Daughters for a Time by Jennifer Handford
Publication Date: April 24, 2012
Target audience: Adult fiction
Keywords: infertility, adoption, cancer, loss of parent, estranged parent, marriage
Format read: ARC from Little Bird Publicity (Thanks!)
Summary: This book details the emotional journey of Helen, a woman who after years of trying to have a child with her husband, decides to adopt a baby from China.Â Just as she feels her life has taken a happier and more fulfilling turn, she finds out her sister, the person who brought her up, has cancer.
“Maybe heartache was more normal than the absence of it.”
We are all too familiar with the feeling of experiencing the highest of highs when, out of nowhere, the lowest of lows comes sweeping in and knocks you completely off-balance.
In Daughters for a Time, Jennifer Handford handles that crushing heartbreak with sensitivity and raw emotion. Though I know the book is a work of fiction, Handford’s own experience with adoption elevated the book to a whole new level of realism. There wereÂ moments I was so lost in the story I forgot I wasn’t reading a memoir.
Helen had a tumultuous childhood. Her mother diesÂ of ovarian cancerÂ when she is a freshman in high school, and around the same time, her father picks up and leaves. Her sister, Claire, is her support system, her mother, her everything for many years. But Helen remains curious about her father (who, as an adult, she “stalks”) and wants to be able to bring up stories about her mother without Claire brushing them off. At 35, as a successful baker and restaurant owner, even after experiencing her own love story with her husband (Tim), Helen still carries this baggage. Or the complete opposite of baggage, as she puts it. A hole in her heart. Throw in her and her husband’s repeated attempts conceive a child and it’s understandable why Helen is feeling withdrawn and lost.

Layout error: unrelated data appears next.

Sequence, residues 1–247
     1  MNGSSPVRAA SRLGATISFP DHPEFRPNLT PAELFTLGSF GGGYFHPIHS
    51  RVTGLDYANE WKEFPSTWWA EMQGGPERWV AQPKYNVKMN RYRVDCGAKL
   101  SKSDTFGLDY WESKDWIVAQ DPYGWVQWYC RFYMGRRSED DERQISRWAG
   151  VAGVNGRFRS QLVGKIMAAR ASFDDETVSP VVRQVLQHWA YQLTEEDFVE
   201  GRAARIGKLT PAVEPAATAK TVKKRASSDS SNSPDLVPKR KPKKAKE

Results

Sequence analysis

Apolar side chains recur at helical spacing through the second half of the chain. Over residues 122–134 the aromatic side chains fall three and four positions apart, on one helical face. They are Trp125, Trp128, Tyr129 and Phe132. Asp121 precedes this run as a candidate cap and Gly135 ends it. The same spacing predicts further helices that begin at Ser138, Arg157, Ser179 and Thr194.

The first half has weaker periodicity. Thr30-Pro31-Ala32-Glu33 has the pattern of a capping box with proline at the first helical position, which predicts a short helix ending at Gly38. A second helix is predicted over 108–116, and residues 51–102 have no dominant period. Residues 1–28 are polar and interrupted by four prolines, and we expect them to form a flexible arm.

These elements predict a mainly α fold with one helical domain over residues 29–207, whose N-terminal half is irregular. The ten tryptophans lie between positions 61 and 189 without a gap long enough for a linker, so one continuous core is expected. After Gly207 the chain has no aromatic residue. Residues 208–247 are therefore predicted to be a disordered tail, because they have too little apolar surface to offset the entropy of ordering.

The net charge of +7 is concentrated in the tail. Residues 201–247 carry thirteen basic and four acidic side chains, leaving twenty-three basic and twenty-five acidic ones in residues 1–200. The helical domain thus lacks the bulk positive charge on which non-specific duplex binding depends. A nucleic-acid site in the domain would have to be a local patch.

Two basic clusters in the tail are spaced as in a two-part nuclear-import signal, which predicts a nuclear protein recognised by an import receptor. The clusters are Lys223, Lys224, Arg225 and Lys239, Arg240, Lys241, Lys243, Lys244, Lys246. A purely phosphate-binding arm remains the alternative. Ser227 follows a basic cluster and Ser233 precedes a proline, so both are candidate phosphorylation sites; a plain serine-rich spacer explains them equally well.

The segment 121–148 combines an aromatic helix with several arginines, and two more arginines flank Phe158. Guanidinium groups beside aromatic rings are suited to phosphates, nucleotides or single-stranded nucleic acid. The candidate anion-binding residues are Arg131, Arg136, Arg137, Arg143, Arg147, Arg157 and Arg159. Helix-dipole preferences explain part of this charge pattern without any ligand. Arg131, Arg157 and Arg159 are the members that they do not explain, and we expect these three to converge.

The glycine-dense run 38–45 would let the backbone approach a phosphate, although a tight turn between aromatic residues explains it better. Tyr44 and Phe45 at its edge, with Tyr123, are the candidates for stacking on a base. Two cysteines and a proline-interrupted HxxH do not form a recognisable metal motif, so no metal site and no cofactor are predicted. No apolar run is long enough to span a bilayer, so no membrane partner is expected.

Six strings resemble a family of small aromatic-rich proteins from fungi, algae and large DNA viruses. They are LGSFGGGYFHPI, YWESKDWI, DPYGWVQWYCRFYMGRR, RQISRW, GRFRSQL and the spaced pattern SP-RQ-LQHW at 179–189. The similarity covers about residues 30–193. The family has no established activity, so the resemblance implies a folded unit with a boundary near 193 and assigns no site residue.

The true rays of light in her life are Tim (he’s a ROCK), Claire,Â her niece, and when she can find quiet time in the kitchen. And after much soul-searching, the decision to go forth with an adoption of a baby girl from China. Helen is just counting the many days until their new daughter will be curling up in bed between her and her husband.
You see, this novel ranges from the happy sad to the sad sad. Helen is forced to come to terms with her past, even making moves to fix things with her dad, as well as accept her sister’s cancer diagnosis. Helen questions many times why things in life can’t go right all at the time same. Why can’t she have both her child and her sister? Why does it always have to be something? Handford writes with such honesty and has crafted an engrossing tale from every angle — the adoption, the insecurities she faces as both a mother and a mother of a child who was abandoned, the sisterly bond, even Helen reliving her angsty 14-year old self when her mother was very sick.Â While the book covers a good span of time, I wondered if there could have been more moments of showing and less telling. In 300 pages, I was connected enough to these characters Â that I probably could have read a hundred pages more if it meant some of the key moments were given more meat.
Though Daughters for a Time focuses on the bond between women as sisters, as mothers and daughters, and as friends, it lacked a bit of male perspective in some areas. For a long time, I wondered if Claire was even married. And Helen’s husband was such a great character too but he felt absent from scenes when I knew he was standing there, sharing the moment… except he was silenced. A little more testosterone would have balanced out many emotions in the story and made it even more relatable. I wanted Handford to dig deeper.
Despite minor qualms, this novel genuinely tugged at my heart strings. There’s never a perfect time to pick up a book that screams “disease” and “infertility” but it doesn’t mean we shouldn’t experience them. Handford takes every day, powerful issues and skillfully, weaves in bits and pieces of hope even at the darkest moments. It’s surprisingly fast paced for such heavy content too; I found myself thinking about it a lot during my reading breaks. At the core,Daughters of a Timeis about the families we have and the families we create, the ebb and flow of the healing process, and the challenges life throws us and how we react to them.